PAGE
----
Daily VideoApril 24, 2009
Will Robots Someday Fight Our Wars?
Battlefield robots are nothing new in Hollywood, but they aren’t just science fiction anymore. The military has deployed thousands of them for use in Iraq and Afghanistan.
Robots, thus far, have been used mostly to inspect and dismantle roadside bombs.
The military has bought more than 6,000 of them since 2003 at an average cost of $100,000 to $200,000 each.
But now robot manufacturing companies and engineering schools are talking about “lethal” robots that carry guns, raising questions about military ethics and risks.
Engineering professor David Barrett says armed robots could save lives, but weapons developer Pierre Sprey says the soldiers counting on such tools are “not only wasting their time, but they’re going to endanger themselves and possibly their friends.
“Any time you can have a robot or something that brings more firepower to the fight for you is a great asset. And, again, not having to put a soldier in harm’s way, but still be able to accomplish the mission, is a great thing.” – Captain Patrick Callahan, National Guard/QinetiQ, North America
“If suddenly you make war easier and less of a burden on a people, it becomes more of a video game than it does simply going to war. And the atrocities of war and all of the ugliness of warfare goes away and becomes a video game.” – Bill Waddell, director of the Command and Control Group
“There are many countries working on autonomous robots, and there are many countries working on lethal robots. And it’s only a matter of time before they end up in operational theaters.” – David Barrett, Olin College of Engineering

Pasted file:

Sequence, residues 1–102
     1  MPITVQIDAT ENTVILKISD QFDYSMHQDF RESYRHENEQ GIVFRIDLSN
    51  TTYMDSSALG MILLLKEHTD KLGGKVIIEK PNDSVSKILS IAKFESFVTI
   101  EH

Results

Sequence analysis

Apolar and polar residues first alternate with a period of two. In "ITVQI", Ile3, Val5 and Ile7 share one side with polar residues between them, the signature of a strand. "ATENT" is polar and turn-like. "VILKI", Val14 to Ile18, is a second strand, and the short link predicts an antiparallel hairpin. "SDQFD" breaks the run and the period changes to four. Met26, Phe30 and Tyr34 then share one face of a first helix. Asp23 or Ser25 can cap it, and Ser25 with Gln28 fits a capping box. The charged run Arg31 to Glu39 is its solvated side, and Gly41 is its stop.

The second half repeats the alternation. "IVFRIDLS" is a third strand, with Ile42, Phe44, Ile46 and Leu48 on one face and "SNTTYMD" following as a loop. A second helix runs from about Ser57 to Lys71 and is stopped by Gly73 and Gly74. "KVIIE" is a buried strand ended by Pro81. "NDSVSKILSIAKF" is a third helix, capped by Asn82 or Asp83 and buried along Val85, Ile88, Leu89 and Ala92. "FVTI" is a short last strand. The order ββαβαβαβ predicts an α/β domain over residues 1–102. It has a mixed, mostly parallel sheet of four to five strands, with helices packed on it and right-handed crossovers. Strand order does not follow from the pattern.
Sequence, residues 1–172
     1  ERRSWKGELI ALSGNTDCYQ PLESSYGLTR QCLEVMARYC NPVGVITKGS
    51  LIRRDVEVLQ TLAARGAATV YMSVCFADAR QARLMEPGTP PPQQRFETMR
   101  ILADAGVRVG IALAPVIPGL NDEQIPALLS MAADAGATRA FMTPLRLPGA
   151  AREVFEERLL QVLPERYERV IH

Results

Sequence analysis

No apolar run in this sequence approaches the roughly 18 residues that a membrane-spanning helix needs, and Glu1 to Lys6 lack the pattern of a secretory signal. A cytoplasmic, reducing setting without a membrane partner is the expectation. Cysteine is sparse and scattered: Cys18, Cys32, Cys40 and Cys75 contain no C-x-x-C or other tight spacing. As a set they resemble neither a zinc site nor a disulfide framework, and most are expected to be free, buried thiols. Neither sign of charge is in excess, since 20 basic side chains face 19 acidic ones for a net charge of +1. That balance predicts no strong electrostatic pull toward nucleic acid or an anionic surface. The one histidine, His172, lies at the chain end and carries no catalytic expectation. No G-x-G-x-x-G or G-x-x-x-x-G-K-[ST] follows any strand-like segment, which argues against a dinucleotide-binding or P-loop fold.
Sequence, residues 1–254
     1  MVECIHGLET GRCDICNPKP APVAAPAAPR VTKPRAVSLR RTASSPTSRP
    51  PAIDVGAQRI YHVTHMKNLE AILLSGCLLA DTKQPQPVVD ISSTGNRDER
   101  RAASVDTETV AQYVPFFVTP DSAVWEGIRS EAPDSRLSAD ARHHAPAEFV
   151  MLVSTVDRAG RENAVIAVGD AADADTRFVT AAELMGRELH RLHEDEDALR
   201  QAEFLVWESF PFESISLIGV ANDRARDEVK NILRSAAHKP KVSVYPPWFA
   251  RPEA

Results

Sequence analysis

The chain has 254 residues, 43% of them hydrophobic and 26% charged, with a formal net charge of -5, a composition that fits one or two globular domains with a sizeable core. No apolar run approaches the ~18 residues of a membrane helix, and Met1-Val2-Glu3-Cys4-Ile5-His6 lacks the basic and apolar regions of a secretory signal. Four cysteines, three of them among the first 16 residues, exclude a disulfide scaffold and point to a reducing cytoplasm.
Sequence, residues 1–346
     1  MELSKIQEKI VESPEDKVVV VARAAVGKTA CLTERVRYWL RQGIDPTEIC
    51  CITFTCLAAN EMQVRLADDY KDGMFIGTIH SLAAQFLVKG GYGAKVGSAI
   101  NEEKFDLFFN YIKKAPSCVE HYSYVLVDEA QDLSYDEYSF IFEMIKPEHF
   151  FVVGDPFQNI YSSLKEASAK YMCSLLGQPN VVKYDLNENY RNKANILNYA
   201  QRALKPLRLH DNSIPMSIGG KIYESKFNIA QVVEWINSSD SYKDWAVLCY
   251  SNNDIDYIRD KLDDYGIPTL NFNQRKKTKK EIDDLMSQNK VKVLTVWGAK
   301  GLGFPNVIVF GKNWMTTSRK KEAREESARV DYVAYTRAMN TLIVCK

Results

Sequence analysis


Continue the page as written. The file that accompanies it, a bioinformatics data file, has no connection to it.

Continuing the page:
“The whole thing about talking about autonomous robots at this point is just science fiction glitz…. Right now, they cannot do any simple combat tasks autonomously.” -Pierre Sprey, weapon system developer
Warm Up Questions
1. Can you think of some new technologies that make it easier to fight wars?
2. How might the military use robots?
1. Do you think spending money on developing armed robots is a smart idea? Why or why not?
2. What are some ethical concerns of armed, “lethal” robots?
3. What do you think of the argument that if other countries are developing armed robots, we better do it too?
4. How much should the public know about the military’s strategies and weapons?
5. When does it go against national security or endanger American soldiers to release certain information?
6. Do you feel confident that our military makes ethical decisions? Why or why not?
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